Intentional Peer Support (IPS)

Intentional Peer Support is a way of thinking about and inviting transformative relationships. Practitioners learn to use relationships to see things from new angles, develop greater awareness of personal and relational patterns, and support and challenge each other in trying new things.

As peer support in mental health proliferates, we must be mindful of our intention: social change. It is not about developing more effective services, but rather about creating dialogues that have influence on all of our understandings, conversations, and relationships.

Sherry Mead, Founder of IPS

IPS is unique from traditional human services because:

  • IPS relationships are viewed as partnerships that invite and inspire both parties to learn and grow, rather than as one person needing to ‘help’ another.
  • IPS doesn’t start with the assumption of a problem. With IPS, each of us pays attention to how we have learned to make sense of our experiences, then uses the relationship to create new ways of seeing, thinking, and doing.
  • IPS promotes a trauma-informed way of relating. Instead of asking “What’s wrong?” we learn to ask, “What happened?”
  • IPS examines our lives in the context of mutually accountable relationships and communities — looking beyond the mere notion of individual responsibility for change.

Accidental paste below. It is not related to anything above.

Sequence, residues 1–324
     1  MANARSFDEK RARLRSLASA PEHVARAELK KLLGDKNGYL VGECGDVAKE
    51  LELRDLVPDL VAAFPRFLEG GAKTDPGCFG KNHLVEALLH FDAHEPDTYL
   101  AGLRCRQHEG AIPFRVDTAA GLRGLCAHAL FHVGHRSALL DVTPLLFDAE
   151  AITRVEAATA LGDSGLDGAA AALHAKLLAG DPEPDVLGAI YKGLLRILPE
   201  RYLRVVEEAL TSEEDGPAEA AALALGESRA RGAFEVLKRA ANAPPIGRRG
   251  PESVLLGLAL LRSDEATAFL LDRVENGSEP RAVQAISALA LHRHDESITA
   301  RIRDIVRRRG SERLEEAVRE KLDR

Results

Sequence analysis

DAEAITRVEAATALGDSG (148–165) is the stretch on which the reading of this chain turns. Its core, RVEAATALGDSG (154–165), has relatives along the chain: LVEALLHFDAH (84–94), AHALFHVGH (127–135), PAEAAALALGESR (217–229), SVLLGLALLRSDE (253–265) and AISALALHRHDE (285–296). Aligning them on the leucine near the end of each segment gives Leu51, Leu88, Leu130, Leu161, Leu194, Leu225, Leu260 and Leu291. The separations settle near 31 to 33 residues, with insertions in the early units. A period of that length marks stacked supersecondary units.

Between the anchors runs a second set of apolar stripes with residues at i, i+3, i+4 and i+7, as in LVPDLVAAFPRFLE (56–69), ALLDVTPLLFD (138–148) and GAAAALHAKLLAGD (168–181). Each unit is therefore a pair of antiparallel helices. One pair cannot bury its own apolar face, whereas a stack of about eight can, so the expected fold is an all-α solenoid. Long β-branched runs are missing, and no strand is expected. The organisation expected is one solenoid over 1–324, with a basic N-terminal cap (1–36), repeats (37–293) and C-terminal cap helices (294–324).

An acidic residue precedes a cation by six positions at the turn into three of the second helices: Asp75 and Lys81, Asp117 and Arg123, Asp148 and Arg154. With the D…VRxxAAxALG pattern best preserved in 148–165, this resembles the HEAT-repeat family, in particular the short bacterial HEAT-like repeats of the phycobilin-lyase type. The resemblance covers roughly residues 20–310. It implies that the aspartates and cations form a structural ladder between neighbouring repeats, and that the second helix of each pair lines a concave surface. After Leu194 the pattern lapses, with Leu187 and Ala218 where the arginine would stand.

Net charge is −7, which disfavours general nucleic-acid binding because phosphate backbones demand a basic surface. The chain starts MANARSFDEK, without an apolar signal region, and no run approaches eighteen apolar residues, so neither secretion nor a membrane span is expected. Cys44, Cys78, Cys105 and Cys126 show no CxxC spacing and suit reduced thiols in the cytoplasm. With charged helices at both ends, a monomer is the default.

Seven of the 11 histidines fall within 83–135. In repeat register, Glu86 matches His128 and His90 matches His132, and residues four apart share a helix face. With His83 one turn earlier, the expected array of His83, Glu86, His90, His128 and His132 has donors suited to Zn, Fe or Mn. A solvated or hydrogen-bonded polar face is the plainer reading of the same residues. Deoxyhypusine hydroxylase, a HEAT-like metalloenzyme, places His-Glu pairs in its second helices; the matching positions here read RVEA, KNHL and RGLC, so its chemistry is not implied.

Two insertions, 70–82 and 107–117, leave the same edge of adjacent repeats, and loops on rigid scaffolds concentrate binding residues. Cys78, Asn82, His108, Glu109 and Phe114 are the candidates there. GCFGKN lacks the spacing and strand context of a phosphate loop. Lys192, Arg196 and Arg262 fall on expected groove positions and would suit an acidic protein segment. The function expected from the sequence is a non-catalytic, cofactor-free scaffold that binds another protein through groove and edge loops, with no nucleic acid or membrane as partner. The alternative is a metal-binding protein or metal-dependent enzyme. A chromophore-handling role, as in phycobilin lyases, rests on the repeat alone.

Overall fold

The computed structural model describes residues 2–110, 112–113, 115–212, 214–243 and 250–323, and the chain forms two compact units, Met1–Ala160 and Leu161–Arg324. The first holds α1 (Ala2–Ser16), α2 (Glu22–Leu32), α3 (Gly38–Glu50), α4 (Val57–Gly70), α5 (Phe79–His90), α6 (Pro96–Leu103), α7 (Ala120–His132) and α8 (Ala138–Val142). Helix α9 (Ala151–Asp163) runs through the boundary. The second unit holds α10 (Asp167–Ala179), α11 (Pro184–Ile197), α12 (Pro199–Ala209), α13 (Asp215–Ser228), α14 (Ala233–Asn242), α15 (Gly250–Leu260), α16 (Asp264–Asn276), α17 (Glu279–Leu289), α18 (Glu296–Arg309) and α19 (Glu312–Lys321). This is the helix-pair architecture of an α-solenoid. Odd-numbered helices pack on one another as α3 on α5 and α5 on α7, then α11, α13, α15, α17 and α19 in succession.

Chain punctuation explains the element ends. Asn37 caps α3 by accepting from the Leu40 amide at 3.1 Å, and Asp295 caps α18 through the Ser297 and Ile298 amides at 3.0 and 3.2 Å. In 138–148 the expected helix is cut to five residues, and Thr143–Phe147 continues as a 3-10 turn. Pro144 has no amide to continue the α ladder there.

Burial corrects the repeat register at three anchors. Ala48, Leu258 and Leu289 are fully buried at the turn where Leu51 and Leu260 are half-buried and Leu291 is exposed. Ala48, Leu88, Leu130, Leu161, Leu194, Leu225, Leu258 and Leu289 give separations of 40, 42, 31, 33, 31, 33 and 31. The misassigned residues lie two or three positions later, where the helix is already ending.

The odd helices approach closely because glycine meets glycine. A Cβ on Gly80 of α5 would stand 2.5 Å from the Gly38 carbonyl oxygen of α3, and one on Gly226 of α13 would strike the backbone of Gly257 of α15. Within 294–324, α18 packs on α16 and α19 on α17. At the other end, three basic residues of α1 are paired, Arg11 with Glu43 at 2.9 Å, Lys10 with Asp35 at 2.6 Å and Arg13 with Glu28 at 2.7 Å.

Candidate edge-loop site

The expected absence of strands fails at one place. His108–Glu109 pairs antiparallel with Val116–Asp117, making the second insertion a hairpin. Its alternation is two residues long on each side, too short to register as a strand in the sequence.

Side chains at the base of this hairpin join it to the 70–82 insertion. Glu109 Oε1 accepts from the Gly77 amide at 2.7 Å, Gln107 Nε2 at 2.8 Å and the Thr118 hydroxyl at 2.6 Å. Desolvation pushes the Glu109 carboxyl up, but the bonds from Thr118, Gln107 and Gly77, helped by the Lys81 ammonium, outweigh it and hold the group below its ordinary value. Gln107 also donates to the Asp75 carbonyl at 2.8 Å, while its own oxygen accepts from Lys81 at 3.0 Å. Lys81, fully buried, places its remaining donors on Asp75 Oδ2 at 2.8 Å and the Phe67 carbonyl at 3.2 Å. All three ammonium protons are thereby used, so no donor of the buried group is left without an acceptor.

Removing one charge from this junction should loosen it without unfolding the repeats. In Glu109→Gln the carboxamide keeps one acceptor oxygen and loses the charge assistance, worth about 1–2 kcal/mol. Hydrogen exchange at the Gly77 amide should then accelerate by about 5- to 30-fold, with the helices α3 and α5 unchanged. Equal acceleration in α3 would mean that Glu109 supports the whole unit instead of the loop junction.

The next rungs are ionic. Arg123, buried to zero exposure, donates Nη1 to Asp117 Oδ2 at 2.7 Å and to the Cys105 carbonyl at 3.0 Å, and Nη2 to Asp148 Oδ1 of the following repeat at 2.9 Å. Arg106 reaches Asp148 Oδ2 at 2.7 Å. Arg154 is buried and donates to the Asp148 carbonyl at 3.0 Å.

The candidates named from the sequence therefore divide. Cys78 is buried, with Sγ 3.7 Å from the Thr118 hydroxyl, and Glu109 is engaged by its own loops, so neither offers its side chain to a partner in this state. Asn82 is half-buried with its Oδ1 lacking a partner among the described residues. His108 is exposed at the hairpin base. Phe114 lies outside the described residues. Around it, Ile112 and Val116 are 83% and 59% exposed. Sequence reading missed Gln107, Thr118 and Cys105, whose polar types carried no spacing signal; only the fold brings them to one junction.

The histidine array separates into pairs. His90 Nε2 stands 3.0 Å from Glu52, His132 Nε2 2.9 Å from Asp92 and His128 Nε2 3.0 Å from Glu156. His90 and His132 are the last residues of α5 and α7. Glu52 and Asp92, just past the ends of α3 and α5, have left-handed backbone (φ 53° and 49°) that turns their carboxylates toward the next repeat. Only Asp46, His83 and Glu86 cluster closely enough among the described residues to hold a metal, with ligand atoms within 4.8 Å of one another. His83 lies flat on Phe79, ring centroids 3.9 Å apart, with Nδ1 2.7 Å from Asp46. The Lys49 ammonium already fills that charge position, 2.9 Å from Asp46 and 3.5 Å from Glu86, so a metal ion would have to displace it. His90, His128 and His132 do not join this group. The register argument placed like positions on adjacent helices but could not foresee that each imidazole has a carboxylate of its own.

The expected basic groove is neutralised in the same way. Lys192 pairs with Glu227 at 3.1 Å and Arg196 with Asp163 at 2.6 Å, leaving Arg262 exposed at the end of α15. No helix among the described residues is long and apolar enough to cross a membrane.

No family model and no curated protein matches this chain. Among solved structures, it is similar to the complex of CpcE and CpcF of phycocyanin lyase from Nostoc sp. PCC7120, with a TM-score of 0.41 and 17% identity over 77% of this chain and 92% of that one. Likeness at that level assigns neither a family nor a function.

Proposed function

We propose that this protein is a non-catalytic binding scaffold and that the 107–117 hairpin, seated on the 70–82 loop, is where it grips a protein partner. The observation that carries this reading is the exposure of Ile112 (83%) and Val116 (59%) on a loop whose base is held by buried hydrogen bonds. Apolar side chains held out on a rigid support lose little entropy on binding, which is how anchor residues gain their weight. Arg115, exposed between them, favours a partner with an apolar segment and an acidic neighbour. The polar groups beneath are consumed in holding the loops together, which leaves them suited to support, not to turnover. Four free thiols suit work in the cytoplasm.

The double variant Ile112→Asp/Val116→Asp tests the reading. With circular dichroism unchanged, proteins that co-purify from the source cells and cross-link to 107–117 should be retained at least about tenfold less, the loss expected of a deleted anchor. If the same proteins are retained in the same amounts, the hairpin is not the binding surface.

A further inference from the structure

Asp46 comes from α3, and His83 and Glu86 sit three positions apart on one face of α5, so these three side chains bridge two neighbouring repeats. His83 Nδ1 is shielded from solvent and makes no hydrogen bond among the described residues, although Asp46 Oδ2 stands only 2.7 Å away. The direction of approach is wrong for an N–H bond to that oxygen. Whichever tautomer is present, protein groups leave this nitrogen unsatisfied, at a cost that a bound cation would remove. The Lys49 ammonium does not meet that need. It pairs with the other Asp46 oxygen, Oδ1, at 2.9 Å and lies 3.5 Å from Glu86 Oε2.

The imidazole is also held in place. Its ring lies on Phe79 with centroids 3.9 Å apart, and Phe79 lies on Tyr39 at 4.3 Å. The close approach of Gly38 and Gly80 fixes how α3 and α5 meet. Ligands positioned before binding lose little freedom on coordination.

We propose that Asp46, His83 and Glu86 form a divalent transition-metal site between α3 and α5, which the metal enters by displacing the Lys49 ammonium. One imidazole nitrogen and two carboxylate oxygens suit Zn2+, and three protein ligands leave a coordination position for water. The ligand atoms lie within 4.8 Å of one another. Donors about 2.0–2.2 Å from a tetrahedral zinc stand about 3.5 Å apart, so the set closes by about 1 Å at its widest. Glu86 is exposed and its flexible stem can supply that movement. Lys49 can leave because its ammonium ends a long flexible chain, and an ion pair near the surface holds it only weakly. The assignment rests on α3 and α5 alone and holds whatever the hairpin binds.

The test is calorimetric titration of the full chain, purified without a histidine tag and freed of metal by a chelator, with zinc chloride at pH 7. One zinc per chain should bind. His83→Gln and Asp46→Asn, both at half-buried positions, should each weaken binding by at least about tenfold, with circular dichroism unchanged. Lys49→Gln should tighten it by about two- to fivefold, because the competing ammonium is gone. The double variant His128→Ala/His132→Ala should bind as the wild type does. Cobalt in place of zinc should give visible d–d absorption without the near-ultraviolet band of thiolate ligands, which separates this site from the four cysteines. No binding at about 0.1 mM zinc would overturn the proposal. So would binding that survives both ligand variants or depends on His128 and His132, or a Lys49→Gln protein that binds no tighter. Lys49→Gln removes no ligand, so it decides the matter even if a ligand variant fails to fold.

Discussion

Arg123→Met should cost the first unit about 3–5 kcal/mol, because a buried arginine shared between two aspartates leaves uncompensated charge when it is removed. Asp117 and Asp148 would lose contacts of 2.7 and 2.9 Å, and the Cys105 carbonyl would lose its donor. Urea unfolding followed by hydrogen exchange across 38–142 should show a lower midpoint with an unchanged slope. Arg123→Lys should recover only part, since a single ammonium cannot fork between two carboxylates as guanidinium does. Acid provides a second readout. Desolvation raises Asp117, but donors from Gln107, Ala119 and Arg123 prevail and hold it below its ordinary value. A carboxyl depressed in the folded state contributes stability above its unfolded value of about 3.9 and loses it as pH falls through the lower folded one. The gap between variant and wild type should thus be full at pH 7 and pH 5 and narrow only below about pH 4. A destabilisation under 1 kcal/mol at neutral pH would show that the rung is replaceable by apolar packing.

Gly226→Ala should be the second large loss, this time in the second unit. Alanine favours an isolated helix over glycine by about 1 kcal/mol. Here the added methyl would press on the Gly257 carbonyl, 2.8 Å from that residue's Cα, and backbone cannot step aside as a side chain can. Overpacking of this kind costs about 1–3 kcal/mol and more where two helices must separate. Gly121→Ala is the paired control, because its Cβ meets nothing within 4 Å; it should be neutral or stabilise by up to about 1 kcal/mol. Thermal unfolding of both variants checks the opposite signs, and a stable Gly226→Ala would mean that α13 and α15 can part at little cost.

• IPS encourages us to increasingly live and move towards what we want instead of focusing on what we need to stop or avoid doing.

“Intentional Peer Support is about conversation. It’s about how we know, how we create new “knowing” through dialogue, and about how we as human beings interrelate by beginning to practice the art of connection – with ourselves, the people in our lives, and the people on the planet we may think we have nothing in common with. For me, it is a practice that has no right or wrong. It is always in flux; much like improvisation in music. It is a process of experimentation and co-creation. It assumes that we “play” off each other and create ever more interesting and complex ways of understanding. We see it as a tool for keeping the world on its toes, becoming more comfortable with less predictability as we become less reactive to fear. In other words, it is not another practice that presumes to have the answers but instead, it aims to generate good questions.”

At the end of the day, IPS is really about building stronger, healthier, interconnected communities.

Info taken from

We only train our own organisation at the moment but watch this space????

During my clinical therapy I hated how insignificant I felt. You couldn’t just have a chat with your therapist about the things normal people do. It was an us & them relationship! IPS is exactly what I needed & now I use it!

Nick, Co-Founder of Missing Peace

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